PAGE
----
Inflight Luxury: Who Really Pays?

A couple of weeks ago Etihad Airways, the national airline of the United Arab Emirates, introduced in its new Airbus A380 jumbo jets “The Residence”, a 125-square-foot, three-room suite. It’s your basic all-in-one living space in the sky, with a living room, bathroom, and bedroom, not to mention a personal butler, chef, and shower. All this luxury comes at a price, however: as much as $43,000 for some flights, and a load of additional carbon to the atmosphere. How much additional carbon? That’s a good question.

A World Bank study (pdf) estimated that the carbon footprint of a passenger flying business class can be three times more than one flying economy; for a passenger flying first-class it can be nine times greater. Larger seats mean fewer passengers are able to fit in a given space, and load factors are typically lower in first class and business class—that is, more of those seats are empty, meaning even fewer passengers.

So exactly how carbon-intensive is Etihad’s new luxury accommodation? To begin to answer the question, we can assign emissions to individual passengers based on the floor area that they occupy on the plane, then use Piano-5, an aircraft emissions and performance model, to estimate emissions from a single flight on its Abu Dhabi–London (AHU–LHR) route. The Etihad A380 design consists of 417 economy seats on the main deck, plus 70 economy seats, 9 “First Apartments,” and The Residence on its upper deck. On its own, The Residence accounts for over 3% of the total passenger seating (or “living”) area. Assuming the best-case scenario of a full flight (100% load factor), the carbon footprint of a passenger in The Residence would be about 7,700 lbs CO2, compared to only about 520 lbs CO2 for an economy passenger—roughly 15 times greater.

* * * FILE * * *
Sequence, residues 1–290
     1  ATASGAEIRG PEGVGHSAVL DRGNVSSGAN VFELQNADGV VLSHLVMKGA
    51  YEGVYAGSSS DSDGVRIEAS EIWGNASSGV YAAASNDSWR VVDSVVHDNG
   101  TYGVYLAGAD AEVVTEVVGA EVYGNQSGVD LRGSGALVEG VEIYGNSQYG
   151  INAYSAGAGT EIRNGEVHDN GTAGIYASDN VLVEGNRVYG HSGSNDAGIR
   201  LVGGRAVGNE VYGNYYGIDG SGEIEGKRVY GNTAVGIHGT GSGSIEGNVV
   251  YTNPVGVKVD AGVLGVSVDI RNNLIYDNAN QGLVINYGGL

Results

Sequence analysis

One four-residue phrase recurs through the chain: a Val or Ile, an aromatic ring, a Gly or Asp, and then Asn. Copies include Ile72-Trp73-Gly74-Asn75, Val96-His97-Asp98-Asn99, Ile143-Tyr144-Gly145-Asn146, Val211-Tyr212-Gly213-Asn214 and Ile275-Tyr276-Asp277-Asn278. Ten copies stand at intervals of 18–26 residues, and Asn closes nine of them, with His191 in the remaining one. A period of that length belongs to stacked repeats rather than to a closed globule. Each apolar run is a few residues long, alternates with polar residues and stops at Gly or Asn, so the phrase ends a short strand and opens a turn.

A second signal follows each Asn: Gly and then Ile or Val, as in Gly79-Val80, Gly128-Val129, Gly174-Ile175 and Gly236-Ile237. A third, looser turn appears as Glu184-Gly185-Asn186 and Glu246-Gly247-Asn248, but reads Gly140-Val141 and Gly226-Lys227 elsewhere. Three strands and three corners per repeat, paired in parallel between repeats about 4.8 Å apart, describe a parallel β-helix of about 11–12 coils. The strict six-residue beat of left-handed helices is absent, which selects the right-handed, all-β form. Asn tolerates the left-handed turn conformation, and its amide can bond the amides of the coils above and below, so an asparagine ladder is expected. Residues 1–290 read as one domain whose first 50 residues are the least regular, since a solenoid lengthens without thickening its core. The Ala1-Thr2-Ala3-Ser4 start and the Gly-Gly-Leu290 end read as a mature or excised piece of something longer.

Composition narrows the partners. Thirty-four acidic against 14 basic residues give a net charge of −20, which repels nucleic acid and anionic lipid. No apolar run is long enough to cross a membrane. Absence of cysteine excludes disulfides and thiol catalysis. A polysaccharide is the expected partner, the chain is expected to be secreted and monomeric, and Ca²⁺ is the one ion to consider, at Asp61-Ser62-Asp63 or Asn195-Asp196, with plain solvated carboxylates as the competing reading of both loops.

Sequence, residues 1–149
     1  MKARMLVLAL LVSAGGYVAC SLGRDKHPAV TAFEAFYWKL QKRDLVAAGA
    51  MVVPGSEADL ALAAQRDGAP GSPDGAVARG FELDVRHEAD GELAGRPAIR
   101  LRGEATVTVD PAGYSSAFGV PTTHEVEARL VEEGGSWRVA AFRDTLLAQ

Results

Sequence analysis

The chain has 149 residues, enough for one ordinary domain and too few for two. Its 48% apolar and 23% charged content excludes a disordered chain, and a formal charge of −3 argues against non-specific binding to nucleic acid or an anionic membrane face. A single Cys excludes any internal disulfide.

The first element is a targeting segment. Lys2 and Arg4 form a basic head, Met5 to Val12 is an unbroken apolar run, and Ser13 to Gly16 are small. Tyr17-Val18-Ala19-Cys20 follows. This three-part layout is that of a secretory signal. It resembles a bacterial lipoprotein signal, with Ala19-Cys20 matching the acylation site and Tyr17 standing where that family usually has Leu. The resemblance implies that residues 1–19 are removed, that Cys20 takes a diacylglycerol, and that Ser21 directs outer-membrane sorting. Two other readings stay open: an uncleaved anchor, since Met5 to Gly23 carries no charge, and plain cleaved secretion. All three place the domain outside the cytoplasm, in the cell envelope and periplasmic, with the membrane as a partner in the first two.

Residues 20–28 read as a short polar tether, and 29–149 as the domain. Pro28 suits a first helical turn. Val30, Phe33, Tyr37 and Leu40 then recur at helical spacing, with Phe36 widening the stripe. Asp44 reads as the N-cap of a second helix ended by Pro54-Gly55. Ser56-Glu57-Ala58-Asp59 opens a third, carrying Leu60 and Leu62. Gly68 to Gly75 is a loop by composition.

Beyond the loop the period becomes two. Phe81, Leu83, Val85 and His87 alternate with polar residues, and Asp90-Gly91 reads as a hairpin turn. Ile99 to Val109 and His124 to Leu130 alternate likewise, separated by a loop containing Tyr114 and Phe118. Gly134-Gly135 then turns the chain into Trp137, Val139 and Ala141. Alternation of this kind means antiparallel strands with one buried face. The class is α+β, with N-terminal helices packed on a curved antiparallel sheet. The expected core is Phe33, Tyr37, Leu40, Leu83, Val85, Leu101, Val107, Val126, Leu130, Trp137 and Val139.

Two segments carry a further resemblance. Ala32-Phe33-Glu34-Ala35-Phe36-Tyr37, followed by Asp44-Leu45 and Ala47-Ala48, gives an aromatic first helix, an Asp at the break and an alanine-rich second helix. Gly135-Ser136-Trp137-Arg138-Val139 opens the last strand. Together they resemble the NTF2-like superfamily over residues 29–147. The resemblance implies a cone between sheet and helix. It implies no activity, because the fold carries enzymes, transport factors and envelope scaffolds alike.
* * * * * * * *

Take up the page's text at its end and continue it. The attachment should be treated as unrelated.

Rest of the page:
Guest Travel Class Seating Est. Area Occupied
(sq. ft)
Est. Carbon Footprint
(lbs CO2/
The Residence 2 125 7,700
First Class Seat (The Apartments) 9 39 4,800
Business Class Seat 70 22 2,760
Economy Class Seat 417 4 520

For reference, the annual average CO2 emissions per passenger vehicle in the U.S. is about 10,360 lbs.

The A380 is marketed as a “green giant” and one of the most environmentally advanced aircraft out there. But that spin is based on a maximum-capacity aircraft configuration, or about 850 economy passengers. In reality, a typical A380 aircraft has 525 seats. Its fuel performance is comparable to that of a B747-400 ER and even about 15% worse than a B777-300ER on a passenger-mile basis (calculated using Piano-5 on a flight from AUH to LHR, assuming an 80% passenger load factor, and in-service fleet average seat counts).

For those to whom price is no obstacle, it may seem unremarkable that airlines should compete to offer “the world’s most luxurious living space in the air.” Those of us concerned about the cost to the environment, though, should be looking for ways to get airlines to compete on a different measure.

GHG emissions